When you hear the word “misplaced” it brings to mind an object being lost, set down in an area where it doesn’t belong, and then cannot be found again. But “misplaced” also has another definition: inappropriate for the situation. Right now, on March 2nd and still sitting in my house in Minnesota, I could not feel more “misplaced,” in both senses of the word.

You see, logically, I should feel more comfortable in the United States than I did in Buenos Aires. After all, I’ve grown up in Apple Valley, I attend college at Madison, and I’ve visited La Crosse (where my best friend goes to school) more than a half dozen times. Plus, in all of these places, I’m surrounded by the “people who know me”: my family and friends, whom “I know well” too. And here, the U.S. culture is something I grew up with, so I should “find no surprises” in the ways we interact, eat or dress, for example.

With this mindset fueling my decision-making process about my return to Buenos Aires, I decided to opt for a “compromise plan”: spending a week in Madison, a week in La Crosse (visiting my best friend) and a week at home instead of going back to Buenos Aires early and traveling as originally planned (see upcoming post “Tough Decisions”).  At the time, staying in the United States for a while, with time to relax with my family, visit my friends (especially my friends who will be graduating this semester) and take a much-needed break from Buenos Aires seemed like the perfect option. I was completely overwhelmed at the thought of ever returning to Argentina, let alone in a few short months. And while I was disappointed to cut my traveling time short, I knew that if I pushed myself too hard I might regret my decision to have gone back to Buenos Aires.

But now, three months later, I could not feel more misplaced. It started in Madison. The first couple of days back at UW were great-I stayed with my good friend Arielle, met the new freshman on my sailing team, and marveled at the snow-covered campus. But slowly, I felt an uncomfortable feeling creeping-in: the one saying I should be in class or I should be traveling in Argentina; anything but hanging around with my friends, spending mornings in coffee shops, and going for excessively-long runs. My friends were certainly supportive and welcoming in Madison, but I found it hard to talk to them about Argentina. And my “closed book” attitude was not always well received. I found myself being moody, difficult, aloof, quiet, overwhelmingly tired and sometimes just wanting to be alone. I wrestled with the fact that I needed to reconnect with almost all of my friends: a result of me pushing everyone away when I was struggling during my last few months in Buenos Aires. This disconnect with the people I had so longingly yearned to see made me feel even more lost and misplaced.

And that’s what the two definitions of “misplaced” are missing: the shame that comes along with it.  I felt physically lost in my “second home” of Madison: set down in a sea of college students while I was on “summer” break in the middle of winter and not taking classes. Along with this, I also felt that my presence was inappropriate: that I was distracting friends from homework and “bumming” while they were busy studying for tests. But more than anything I felt the shame and guilt of struggling with “readjustment”: of feeling misunderstood and of “not acting like myself.”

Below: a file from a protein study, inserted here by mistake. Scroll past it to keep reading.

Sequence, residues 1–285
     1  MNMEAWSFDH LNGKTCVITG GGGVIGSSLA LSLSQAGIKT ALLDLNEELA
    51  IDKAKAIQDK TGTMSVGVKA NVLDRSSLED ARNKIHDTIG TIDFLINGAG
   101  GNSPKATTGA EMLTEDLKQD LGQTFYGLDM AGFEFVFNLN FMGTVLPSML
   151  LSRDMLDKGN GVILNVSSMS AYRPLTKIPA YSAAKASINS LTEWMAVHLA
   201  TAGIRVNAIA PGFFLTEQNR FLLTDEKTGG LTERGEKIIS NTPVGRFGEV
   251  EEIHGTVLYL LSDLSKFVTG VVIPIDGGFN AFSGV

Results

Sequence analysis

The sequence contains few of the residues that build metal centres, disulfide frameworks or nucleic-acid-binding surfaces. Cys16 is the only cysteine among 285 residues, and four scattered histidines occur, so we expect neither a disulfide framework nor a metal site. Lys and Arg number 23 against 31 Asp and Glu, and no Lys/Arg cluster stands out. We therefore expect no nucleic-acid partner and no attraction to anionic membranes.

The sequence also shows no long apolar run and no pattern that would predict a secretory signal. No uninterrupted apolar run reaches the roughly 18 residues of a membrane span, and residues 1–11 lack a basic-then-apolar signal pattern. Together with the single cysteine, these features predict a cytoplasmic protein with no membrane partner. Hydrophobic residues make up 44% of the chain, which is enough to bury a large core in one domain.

Now that I’m back in Apple Valley, with only a 13-hour plane ride separating me from the bustling, Spanish-speaking, 70-degrees-and-sunny metropolis of Buenos Aires, I still feel misplaced. Today I’m leaving for another country, another season (it’s summer turning into fall right now), will be speaking another language and living in a new apartment. I feel torn. On the one hand, I could not be more anxious for school to start and I’m a excited at the thought of giving Buenos Aires another shot, getting to travel again, and hopefully making new friends. At the same time, I feel as if the goodbye will be less ceremonious than the first. I lack the innocent and unbridled enthusiasm I had the first time. Now, I know what I’m in for, and I can’t help but feel a little bit of nervousness at the thought of going away again. It’s a fear of having to reconnect again and of changing even more when I’m away.

But with all of these uncomfortable feelings of being “misplaced,” of the feelings of regret at missing out on traveling, I know that staying in the US has been a valuable experience in its own rite. My extended stay has made me feel more ready for the challenges of studying abroad again. I’ve gone through “readjustment shock” for the past three months, and I know that experience will be valuable when I come home for good. I’ve learned the pangs of having to reconnect to friends, and I feel lucky that I’ve had the opportunity to try to repair relationships in person. It was so easy to be away and not have it dawn on me that if I didn’t send my friends messages or skype with them, our friendship wouldn’t be the same as when I left. In the end, perhaps my decision to stay in the US worked out for the best.

With my new knowledge in hand, I know I can’t stay in the United States like this forever. My constant drive to be busy and my “go-getter attitude” (according to my roommate Alicia J) have made me feel ashamed to still be on break. And while I’ve come to realize that a little relaxation is not only good, but necessary, I finally feel that Monday, and the start of a new semester, cannot come soon enough.

It’s time for this misplaced traveler to be found.

From your rediscovered wanderer,